A historical marker has been placed at the former location of the Arnold depot, detailing the history of the railroad coming to Arnold. A project of Arnold Rotary, Berni Crow is in charge of compiling the information for the signs. The depot marker reads as follows:
Kearney & Black Hills Railroad and Depot – 1912 Early in the 1900’s, optimism was in the air along the South Loup with people discussing the possibility of Arnold being lighted by gas soon, and the possibility of an electric railroad being powered by water from the South Loup. An engineer from Denver was even hired to oversee the entire railroad project. An early 1889 county newspaper said, “John Finch, C.T. Holiday and Jacob Miller, all of Arnold, are interested in the organization of an electric railroad from Broken Bow to North Platte…” Both proposals were a bust. It was almost sixty years before Arnold finally saw the results of “rural electrification”. And the hope for a train faded too in 1905. However, with the persistence of a “fast talking little railroad promoter” named S. G. Durant, the building of a railroad from Callaway to Arnold was achieved in one year. Having a railroad, at that time, was key to a community’s survival. Supplies such as coal, lumber, wire, tools, machinery, and other farm/ranch necessities were shipped easier by rail. Heavily loaded wagons were used prior to the arrival of the trains, and a faster means of getting supplies was in demand. (Wagon loads drawn by four horses took a “day to get there” and “a day to return”.) ~It is said that the faces of Arnold patrons were very familiar in Merna. Supplies were plentiful there, due to the Burlington railroad line passing through regularly. The Union Pacific Line ran east/west along the Platte River. Both railroads had branches, and the one running from Kearney to Callaway was called the Kearney and Black Hills (K&BH).~ Originally, the plan was to run the line from Kearney to Gandy (Logan County Seat) via Arnold and Callaway eventually making its way to the Black Hills. However, in 1890, the line stopped at Callaway. The survey company that had surveyed the line to Gandy, had pre-emptive rights to the location, but it was set to expire on a certain day in February of 1911. Durant slyly managed to convince people that they would not lose an opportunity for acquiring a railroad, by supporting his ideas. He urged them to buy subscriptions that would provide funds and guarantee that a Railroad would be built within a year. On February 11, at the stroke of midnight the pre-emptive rights expired, and Durant sent his own surveyors out to the beginning of the line heading west from Callaway. Meanwhile, Union Pacific folks had garnered support on their side by assuring small towns between, such as Milldale and Finchville, that they would have a station when the line was built. Union Pacific was surprised to learn that Durant’s ‘midnight crew’ had taken over those pre-emptive rights. When the dust settled, the Railroad Commission in Lincoln, ordered a station to be built in Arnold, and a spur at Gandy. This resolution allowed the completion of the extension to Arnold, which finally, after so many years, heard the first locomotive whistle on March 27 1912, Durant received credit for bringing the trains to Arnold even though charges of fraud were brought against him; the charges were eventually dropped. Earlier in 1911, with a Railroad finally in sight, Arnold had become a bustling village with landowners platting additions to the village, such as Gordon’s Addition, Gunter’s Addition, Mill’s Addition, and the Railroad Addition. People were buying up lots to build their new homes on, with 20 lots sold the very first day. Harold Bedford realized this bustling town needed a newspaper, so in July of 1911, he established the first newspaper since 1893, naming it the “Arnold Sentinel”. Bedford’s Souvenir Edition of the Railroad Celebration, set to occur on June 14, 1912, was a prize souvenir for those who chased one. ~This souvenir edition is still sought after yet today, and I’m very lucky to own a copy, thanks to John Hardin!~ Yes, the trains finally came in 1912. The village of Arnold began to see many strangers in town who were surveying prospective business possibilities. Western Grain Company, based in Kearney had completed an elevator east of the depot, and when fire destroyed it, Lexington Mill and Elevator wasted no time replacing it. Gould Land and Cattle Company added another elevator and a store house. Both these buildings were used by Forrest (Frosty) Ferguson’s Farmers and Feeders Elevator. (Only one Elevator remains standing, unused and surrounded by a host of grain bins.) Some estimates indicated that there were 6000 visitors in Arnold on Railroad Day June 14, 1912 to celebrate the coming of the trains. ~Perhaps the day March 27, 1912 was an equally important date in Arnold’s Railroad history. On that day, the first locomotive pulling a “work train” had arrived and engineer “Smokey” Winn closed down the throttle and stopped the train almost exactly where the Arnold Depot would eventually stand. Winn, then asked the onlookers to step back and he blew the whistle. Rides were also given on this day; many had never seen a train before. School was even dismissed and children were given a short ride.~ By the time the June celebration rolled around, the depot was nearly finished. O. L. Maybury was the first agent and his office was in a railroad car. Other agents included Ballinger, Brinkmeyer, Lee Mihane, Charlie Buck and V.D. Agers. Lee Mihane had first come in 1922 when there were only five employees; he left his railroad job and then came back when Charlie Buck retired. Charlie Buck had come in 1916 and stayed for 36 years. During Buck’s tenure, he tried to show U.P. that the K&BH Line was worth keeping reporting that, “$1600 worth of freight, the largest one day shipment, was made in 1916”. The U. P. had been trying since 1920 to cut back service. Lee Mihane took over in 1952, retiring in 1968, In 1970, Stapleton and Arnold’s depots closed. V.D. Agers was the last agent in Arnold. Both of these small villages had a grain elevator and were built to lure ‘the addition of the railway’.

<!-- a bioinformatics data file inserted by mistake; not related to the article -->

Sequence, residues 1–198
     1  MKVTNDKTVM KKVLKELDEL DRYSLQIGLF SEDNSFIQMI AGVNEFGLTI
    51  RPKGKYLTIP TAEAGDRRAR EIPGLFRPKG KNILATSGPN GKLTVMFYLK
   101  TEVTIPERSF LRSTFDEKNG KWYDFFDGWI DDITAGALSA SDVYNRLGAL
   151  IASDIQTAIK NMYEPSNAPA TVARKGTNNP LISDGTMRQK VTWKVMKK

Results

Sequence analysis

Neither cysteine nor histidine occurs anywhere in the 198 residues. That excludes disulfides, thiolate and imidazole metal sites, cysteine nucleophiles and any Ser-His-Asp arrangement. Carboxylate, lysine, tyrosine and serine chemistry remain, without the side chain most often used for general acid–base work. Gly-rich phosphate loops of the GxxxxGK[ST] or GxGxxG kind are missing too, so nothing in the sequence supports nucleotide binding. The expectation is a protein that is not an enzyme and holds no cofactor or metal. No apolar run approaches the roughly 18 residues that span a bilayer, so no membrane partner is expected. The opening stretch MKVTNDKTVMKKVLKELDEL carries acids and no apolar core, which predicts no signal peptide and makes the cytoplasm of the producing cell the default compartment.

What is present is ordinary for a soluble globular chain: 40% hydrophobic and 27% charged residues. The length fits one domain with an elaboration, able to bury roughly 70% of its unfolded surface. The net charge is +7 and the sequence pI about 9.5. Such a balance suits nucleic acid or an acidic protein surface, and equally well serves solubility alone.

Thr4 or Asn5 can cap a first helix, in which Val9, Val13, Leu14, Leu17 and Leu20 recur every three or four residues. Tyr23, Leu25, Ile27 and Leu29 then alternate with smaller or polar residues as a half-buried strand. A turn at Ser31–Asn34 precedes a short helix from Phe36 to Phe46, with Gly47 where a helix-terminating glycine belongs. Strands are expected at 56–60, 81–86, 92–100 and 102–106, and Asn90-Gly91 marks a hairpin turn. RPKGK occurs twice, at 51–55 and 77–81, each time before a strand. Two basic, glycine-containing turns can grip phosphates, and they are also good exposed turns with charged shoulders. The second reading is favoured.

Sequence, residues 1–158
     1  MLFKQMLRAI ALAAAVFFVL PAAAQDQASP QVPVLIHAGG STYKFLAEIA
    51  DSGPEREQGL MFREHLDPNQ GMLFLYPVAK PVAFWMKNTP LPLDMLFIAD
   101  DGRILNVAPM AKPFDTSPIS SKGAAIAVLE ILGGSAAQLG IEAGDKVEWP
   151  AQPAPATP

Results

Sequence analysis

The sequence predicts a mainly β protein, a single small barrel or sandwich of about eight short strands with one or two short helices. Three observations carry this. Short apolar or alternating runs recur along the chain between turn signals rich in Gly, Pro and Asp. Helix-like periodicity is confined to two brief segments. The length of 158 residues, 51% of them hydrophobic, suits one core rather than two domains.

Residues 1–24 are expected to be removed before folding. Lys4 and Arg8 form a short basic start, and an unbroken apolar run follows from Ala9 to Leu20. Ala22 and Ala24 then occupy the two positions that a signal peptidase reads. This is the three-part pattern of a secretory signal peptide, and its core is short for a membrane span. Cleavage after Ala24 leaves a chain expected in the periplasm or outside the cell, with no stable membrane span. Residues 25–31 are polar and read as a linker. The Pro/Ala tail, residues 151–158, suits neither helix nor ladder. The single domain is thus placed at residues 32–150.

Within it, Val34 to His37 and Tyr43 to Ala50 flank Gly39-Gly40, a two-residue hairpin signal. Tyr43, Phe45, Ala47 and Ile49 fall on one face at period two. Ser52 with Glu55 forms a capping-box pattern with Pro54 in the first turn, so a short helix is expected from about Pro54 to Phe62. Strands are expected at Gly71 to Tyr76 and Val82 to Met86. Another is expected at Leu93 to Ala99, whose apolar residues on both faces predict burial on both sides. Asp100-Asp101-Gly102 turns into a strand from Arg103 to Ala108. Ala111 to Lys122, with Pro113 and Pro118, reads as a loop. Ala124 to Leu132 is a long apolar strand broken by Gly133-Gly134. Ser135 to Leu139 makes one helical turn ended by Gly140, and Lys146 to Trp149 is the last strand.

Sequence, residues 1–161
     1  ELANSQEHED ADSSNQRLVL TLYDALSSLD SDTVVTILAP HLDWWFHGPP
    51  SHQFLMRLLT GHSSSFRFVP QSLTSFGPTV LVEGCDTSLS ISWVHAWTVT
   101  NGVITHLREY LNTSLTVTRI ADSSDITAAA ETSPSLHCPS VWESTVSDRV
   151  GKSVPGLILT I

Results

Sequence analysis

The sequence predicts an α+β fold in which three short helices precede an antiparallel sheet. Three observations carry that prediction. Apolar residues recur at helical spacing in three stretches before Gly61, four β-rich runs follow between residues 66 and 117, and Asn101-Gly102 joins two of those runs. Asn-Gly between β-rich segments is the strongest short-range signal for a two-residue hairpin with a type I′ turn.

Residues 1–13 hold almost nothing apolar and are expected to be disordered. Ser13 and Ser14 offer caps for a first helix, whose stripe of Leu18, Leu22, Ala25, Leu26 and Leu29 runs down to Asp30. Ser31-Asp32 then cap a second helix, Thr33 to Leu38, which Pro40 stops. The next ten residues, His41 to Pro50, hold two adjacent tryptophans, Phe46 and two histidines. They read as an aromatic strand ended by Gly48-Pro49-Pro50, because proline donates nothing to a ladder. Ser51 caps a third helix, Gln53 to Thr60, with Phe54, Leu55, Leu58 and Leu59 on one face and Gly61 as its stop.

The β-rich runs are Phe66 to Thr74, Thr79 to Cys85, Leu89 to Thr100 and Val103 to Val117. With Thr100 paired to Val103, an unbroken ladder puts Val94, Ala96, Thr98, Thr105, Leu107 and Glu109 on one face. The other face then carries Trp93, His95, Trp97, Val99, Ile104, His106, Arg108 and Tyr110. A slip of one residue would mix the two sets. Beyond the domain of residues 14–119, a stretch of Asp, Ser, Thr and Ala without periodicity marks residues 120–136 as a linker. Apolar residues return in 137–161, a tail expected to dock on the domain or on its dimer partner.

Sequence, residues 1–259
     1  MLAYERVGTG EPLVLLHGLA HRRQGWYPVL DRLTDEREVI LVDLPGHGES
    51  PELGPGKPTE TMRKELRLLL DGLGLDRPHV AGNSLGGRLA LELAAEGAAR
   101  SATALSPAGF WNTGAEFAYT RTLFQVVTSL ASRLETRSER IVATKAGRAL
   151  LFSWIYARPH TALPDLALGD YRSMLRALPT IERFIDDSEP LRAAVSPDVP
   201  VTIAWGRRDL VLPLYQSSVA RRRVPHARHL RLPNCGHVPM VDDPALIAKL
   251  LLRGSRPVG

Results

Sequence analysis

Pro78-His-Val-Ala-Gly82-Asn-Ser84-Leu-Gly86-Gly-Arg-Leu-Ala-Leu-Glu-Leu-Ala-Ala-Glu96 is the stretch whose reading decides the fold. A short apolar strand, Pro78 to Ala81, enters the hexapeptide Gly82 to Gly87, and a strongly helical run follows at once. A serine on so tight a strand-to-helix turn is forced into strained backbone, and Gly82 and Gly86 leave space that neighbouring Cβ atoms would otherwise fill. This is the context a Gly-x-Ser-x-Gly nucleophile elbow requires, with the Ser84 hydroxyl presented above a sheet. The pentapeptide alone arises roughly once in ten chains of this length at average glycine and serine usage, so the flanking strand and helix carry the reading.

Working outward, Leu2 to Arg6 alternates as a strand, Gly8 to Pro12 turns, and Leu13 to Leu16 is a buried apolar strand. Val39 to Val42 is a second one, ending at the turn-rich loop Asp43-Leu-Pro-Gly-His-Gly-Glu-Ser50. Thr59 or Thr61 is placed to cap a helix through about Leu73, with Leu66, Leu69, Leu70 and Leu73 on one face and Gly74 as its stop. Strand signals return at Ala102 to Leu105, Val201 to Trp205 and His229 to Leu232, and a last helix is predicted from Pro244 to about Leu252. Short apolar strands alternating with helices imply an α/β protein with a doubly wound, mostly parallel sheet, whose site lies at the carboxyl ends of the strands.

~Railroad trivia: Mrs. Archie Reed’s team became frightened by the train’s whistle perhaps earning the title “the first runaway” caused by a train. Also, the first railroad related death occurred in 1941; 17 year old Leonard Rhoades was killed when he drove into the path of a freight Emery Messersmith, working at his gas station, heard the train whistle and witnessed the accident which happened a block north of Finch Drug. Several buildings, that no longer exist, were built along the tracks at Finchville (Swain Finch Ranch) and Milldale (Charles Zeorb/Pandorf Farm), and other small villages nearby. Arnold’s railroad line was discontinued in 1985, having peaked during the years 1978-1980. Records show that 32 loaded freight cars were shipped out one day in April of 1980. Freight rates began to make it unfeasible to use the “rails”, forcing the 1985 closure. I remember riding the train from Callaway with my sister and others to Lincoln as a preschooler. This school group was organized and coordinated by adult escorts who took us to see the “Ice Capades”. That was my first train ride, Circa 1957!~ (Some information for this marker was taken from the book, “One Hundred Years on the South Loup” by Norene Hall Mills. Written and prepared by Berni Crow 7/7/20